FIG. 6 is side view in section of the multiple Helmholtz resonators of FIG. 3, shown in a second position in which the movable Helmholtz resonator is aligned with the immovable Helmholtz resonator to provide two Helmholtz resonators connected in series operably connected to the duct.

FIG. 7A is a schematic diagram showing aligned multiple Helmholtz resonators and a corresponding mass-spring physical model.

FIG. 7B is a graph of transmission loss (TL) in decibels (dB) versus frequency in Hertz (Hz) corresponding to FIG. 7A.

FIG. 8 is schematic diagram of a control system for adaptively damping acoustic noise using multiple Helmholtz resonators according to the present invention.

Similar reference characters denote corresponding features consistently throughout the attached drawings.

DETAILED DESCRIPTION OF THE PREFERRED EMBODIMENTS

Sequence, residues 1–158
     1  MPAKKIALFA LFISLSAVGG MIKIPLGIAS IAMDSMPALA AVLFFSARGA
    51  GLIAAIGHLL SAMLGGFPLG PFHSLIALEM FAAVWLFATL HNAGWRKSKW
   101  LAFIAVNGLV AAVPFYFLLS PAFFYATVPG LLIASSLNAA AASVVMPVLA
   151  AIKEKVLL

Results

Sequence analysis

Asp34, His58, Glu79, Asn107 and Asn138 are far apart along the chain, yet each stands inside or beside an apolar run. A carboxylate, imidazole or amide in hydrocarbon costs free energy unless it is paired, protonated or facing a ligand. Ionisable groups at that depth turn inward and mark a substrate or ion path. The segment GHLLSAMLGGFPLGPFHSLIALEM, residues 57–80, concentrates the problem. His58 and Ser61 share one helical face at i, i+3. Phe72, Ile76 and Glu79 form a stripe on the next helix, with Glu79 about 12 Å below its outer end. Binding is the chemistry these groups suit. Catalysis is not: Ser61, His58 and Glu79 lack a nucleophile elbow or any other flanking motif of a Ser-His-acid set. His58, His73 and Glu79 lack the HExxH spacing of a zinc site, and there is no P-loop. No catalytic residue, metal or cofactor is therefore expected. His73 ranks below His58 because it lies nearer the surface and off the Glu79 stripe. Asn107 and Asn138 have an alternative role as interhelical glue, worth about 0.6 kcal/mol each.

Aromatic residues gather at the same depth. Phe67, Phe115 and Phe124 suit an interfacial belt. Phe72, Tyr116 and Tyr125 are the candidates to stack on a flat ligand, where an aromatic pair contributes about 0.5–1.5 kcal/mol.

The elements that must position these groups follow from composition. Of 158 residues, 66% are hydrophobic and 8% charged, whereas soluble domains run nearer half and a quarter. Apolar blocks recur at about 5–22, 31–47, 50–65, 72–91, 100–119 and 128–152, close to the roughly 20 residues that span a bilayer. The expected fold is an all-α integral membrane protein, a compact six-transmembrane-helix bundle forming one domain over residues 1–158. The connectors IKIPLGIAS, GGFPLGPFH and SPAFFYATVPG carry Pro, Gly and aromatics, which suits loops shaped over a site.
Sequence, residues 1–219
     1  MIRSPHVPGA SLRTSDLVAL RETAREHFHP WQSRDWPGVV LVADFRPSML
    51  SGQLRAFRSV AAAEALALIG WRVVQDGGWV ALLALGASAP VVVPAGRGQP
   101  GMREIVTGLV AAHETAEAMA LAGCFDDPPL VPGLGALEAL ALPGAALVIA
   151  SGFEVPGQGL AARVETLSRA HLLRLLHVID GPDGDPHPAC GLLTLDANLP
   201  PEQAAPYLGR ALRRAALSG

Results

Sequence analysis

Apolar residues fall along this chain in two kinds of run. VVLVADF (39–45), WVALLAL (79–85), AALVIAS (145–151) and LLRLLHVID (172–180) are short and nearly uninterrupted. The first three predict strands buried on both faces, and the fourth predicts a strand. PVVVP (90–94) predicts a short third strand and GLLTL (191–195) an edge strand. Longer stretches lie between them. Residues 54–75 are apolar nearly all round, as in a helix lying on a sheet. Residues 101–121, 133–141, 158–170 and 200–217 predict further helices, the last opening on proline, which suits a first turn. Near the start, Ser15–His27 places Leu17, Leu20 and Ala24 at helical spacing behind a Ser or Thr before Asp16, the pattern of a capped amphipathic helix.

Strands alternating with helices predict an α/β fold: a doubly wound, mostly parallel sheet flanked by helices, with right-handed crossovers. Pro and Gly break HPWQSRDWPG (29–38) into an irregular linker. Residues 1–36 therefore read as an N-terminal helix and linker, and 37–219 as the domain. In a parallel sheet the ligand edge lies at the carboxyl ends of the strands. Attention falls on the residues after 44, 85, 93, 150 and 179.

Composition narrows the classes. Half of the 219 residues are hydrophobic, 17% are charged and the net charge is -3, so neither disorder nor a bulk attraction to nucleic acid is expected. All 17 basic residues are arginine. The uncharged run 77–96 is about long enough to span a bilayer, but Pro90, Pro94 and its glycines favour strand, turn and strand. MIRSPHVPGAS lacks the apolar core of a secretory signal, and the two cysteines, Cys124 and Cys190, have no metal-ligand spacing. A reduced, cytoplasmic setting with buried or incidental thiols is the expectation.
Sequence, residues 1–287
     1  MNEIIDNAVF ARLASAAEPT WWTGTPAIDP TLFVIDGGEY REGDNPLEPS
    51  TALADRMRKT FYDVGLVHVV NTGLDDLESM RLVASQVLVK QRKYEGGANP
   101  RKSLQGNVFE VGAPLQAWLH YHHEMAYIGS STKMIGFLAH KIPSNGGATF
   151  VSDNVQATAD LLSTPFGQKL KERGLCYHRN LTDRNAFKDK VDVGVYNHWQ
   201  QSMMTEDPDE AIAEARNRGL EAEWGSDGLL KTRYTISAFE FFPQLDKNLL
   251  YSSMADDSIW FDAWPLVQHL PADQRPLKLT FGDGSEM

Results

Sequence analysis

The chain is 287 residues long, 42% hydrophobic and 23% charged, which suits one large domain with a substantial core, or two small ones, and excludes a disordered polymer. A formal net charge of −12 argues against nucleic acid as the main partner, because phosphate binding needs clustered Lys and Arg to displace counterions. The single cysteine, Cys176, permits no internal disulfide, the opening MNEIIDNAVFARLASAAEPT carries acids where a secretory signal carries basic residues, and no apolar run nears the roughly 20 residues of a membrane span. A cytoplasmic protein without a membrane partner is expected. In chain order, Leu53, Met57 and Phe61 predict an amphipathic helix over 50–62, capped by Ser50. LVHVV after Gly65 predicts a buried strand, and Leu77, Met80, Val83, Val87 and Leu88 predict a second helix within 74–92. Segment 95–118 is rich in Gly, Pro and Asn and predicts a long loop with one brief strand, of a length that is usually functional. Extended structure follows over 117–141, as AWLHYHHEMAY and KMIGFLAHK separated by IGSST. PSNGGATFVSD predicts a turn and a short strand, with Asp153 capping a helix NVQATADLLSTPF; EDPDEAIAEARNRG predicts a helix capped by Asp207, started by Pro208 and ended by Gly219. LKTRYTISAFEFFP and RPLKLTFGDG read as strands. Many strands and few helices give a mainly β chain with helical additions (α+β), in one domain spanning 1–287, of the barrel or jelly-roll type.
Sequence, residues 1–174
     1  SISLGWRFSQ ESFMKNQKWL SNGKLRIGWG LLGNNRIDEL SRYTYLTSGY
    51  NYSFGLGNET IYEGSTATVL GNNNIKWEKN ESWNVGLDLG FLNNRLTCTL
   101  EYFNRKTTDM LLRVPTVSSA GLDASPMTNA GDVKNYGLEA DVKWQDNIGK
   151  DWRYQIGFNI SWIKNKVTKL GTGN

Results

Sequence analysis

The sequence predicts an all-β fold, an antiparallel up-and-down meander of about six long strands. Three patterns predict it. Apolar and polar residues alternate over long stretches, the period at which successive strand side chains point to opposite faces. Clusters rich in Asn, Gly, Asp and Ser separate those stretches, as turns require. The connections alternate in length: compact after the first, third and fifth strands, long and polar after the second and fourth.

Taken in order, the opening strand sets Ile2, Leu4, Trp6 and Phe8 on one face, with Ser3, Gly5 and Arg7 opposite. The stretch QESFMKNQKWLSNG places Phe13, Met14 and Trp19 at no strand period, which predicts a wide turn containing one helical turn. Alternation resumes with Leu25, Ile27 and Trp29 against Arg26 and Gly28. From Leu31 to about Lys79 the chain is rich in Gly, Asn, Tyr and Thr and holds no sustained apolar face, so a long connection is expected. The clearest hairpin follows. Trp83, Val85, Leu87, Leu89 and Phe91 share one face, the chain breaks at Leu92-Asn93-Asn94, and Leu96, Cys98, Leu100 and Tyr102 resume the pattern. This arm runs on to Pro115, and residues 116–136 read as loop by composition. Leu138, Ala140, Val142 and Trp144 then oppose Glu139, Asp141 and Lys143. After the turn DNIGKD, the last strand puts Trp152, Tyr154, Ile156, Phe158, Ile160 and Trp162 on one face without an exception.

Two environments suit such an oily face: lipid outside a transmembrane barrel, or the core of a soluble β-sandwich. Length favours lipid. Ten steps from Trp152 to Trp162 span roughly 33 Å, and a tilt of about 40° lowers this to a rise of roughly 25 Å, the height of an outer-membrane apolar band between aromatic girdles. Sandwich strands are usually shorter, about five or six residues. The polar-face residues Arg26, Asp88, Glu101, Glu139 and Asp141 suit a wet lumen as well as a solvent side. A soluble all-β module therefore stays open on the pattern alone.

The multiple Helmholtz resonators adaptively and adjustably filter more than one acoustic frequency, often including more than one acoustic resonant frequency.

FIG. 1 shows a diagram of multiple Helmholtz resonators, illustrating an analytical model associated with a dual resonant frequencies formula and diagrammatically identifying variables used in the formula. The model is used in combination with the following formula to determine the dual resonant acoustic properties of the multiple Helmholtz resonators that employ two Helmholtz resonators arranged serially:

f 1 , 2 = c o 2 2 π ( A C 1 l C 1 V 1 + A C 2 l C 2 V 1 + A C 2 l C 2 V 2 ) ± ( A C 1 l C 1 V 1 + A C 2 l C 2 V 1 + A C 2 l C 2 V 2 ) 2 - 4 ( A C 1 l C 1 V 1 A C 2 l C 2 V 2 )